Packaging: Thinking Outside The Box

April 2nd, 2013 in Design, Packaging Design Packaging

Perhaps only Christmas can rival Easter when it comes to decorating the nation’s living room floors with discarded packaging. Around 90 million eggs are consumed in the UK each year, and that makes for an awful lot of cardboard torn apart by hungry kids – and sometimes greedy adults!

0001364_470-Essential-Easter-Collection

It’s easy to assume at this time of year that packaging doesn’t really matter, and that it’s what’s inside that counts.Whilst of course the quality of the ultimate product is key, packaging attracts all kinds of attention. For instance, just last week the House of Commons saw fit to debate Easter egg boxes, with the MP Andrew Stunnel unveiling facts and figures which suggest confectioners are still producing excess packaging. As you might imagine, the companies are doing their best to burnish their green credentials in response – chocolate giant Nestle, for instance, are keen to emphasise their¬†eco-friendly Easter packaging.

All of this underlines the point that packaging matters. They might seem to your toddler like a pesky hurdle before the main chocolatey event, but the companies which sell those eggs put huge thought into the boxes: from the structure to the materials used, packaging is considered to be an important part of the overall offer. Cost is weighed, of course, but more important is the message sent by the box in question – and the extent to which consumers will appreciate it.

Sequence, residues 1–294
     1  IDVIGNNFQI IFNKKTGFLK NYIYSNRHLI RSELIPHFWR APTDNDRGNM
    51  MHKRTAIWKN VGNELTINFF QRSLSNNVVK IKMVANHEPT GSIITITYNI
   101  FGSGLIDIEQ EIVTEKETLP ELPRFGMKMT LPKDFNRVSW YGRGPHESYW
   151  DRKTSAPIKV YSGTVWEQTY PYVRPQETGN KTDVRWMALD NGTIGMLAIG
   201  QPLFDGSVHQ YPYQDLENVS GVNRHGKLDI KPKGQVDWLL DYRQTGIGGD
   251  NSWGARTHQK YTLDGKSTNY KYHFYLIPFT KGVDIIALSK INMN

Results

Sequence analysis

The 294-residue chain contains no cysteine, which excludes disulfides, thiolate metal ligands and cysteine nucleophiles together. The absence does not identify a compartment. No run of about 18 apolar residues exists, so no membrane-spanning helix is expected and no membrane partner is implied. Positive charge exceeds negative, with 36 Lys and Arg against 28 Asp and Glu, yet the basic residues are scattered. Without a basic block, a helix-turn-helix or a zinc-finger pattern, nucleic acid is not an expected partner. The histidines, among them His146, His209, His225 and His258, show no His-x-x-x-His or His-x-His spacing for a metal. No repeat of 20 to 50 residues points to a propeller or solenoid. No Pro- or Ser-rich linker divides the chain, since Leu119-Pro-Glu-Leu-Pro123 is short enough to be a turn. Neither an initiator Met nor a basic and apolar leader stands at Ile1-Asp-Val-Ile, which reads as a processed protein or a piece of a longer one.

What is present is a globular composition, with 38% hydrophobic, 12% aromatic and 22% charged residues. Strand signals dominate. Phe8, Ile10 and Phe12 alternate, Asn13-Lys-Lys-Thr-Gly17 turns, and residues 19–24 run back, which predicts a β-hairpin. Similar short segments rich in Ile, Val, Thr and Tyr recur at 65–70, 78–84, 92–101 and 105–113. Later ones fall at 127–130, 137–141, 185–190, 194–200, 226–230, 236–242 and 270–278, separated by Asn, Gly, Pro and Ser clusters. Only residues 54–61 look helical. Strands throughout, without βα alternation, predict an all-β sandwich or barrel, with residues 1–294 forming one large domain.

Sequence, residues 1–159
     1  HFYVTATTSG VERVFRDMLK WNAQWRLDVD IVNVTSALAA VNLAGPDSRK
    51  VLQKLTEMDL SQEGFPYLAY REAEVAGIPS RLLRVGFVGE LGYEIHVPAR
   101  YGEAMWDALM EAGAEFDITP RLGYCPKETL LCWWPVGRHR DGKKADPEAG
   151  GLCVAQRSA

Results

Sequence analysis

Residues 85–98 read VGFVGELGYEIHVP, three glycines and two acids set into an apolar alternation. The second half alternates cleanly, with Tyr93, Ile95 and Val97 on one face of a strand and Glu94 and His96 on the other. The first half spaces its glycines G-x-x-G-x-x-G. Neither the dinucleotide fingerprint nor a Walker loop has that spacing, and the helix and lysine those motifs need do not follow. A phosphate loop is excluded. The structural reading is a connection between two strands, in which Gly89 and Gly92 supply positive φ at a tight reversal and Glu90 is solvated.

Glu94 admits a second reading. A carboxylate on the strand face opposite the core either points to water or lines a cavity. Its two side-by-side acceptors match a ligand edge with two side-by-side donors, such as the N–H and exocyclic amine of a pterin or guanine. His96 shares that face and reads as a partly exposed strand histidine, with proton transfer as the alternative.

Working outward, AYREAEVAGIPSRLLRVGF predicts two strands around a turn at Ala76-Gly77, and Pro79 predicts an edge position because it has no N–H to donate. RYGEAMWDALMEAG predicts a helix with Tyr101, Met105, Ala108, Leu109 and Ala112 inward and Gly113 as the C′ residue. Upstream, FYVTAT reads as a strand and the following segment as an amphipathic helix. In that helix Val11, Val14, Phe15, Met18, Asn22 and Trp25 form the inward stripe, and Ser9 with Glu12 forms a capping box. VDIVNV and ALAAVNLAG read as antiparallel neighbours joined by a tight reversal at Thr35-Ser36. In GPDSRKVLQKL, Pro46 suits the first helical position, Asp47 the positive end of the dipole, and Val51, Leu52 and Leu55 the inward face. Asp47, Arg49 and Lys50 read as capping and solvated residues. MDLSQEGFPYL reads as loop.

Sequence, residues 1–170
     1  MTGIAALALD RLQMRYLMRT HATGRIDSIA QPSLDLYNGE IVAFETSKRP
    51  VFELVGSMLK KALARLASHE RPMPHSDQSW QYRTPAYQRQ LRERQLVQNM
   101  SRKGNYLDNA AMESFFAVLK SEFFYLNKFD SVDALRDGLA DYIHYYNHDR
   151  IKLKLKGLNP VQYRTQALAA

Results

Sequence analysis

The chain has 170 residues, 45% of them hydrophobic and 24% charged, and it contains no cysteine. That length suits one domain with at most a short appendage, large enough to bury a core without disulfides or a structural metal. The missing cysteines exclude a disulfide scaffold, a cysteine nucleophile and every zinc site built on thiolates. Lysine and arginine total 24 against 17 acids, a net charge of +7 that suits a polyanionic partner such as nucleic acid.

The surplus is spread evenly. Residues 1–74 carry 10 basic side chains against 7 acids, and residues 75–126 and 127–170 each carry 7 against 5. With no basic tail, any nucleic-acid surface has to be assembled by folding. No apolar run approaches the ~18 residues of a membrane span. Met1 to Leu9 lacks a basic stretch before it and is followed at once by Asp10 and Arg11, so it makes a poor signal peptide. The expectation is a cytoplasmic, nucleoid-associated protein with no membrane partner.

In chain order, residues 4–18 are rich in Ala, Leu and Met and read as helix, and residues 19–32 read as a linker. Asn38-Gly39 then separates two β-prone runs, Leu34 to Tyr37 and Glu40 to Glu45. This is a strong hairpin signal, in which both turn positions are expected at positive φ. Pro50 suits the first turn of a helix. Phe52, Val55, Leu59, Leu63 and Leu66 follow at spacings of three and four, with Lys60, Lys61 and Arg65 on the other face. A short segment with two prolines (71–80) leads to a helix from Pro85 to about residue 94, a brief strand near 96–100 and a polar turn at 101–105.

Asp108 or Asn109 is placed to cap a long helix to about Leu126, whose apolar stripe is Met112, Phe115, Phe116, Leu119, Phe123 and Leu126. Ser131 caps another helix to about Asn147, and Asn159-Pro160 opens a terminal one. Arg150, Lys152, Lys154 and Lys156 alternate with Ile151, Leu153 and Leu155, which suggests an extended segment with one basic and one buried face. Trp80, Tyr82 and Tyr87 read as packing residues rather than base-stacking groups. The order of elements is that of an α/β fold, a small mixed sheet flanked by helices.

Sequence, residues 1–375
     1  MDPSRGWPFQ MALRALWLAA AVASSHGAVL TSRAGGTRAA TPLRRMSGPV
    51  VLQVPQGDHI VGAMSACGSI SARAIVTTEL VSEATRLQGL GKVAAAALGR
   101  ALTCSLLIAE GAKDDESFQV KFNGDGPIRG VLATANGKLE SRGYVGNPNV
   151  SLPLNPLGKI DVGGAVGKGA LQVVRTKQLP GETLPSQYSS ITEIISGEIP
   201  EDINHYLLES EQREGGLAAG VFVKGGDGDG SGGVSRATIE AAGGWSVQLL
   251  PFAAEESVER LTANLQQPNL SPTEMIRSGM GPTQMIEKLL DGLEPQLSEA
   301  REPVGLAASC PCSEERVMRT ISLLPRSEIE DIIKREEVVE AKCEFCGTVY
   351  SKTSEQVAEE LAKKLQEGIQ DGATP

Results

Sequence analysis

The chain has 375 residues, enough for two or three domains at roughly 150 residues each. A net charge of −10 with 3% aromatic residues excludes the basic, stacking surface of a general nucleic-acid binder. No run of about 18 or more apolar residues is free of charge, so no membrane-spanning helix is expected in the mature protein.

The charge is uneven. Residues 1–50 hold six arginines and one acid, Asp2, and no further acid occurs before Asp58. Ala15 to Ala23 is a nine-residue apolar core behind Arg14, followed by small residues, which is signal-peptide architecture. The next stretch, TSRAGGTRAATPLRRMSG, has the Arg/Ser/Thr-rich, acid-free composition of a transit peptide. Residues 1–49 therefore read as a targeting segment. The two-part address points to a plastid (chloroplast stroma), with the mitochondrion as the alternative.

So as I cleaned up some of the wreckage left behind by this year’s Easter feast, I found myself looking at the branding choices made by the designers of the board and foil I was picking up. At Image+, we offer packaging and promotional items services which embed your brand in the daily experience of your customers. Understanding what they expect of your product and its packaging, what that packaging needs to achieve (does it sit on a shelf, or travel across continents?), but also how your brand should influence and even dictate its shape, colours and composition can be key.

The packaging of those Easter eggs might be disposed of quickly (or not – some virtuous souls in the Image+ office eat their eggs slowly, using the box as storage!). But it’s also the first thing anyone sees of the egg and the company which made it. That makes it key at the point of sale, of course, but also afterwards in reinforcing and reminding the consumer about a brand you want them to recall and trust. I blogged last week about branding¬†– packaging is where all that design work arrives in the real world – not just on the floor, but also in people’s lives.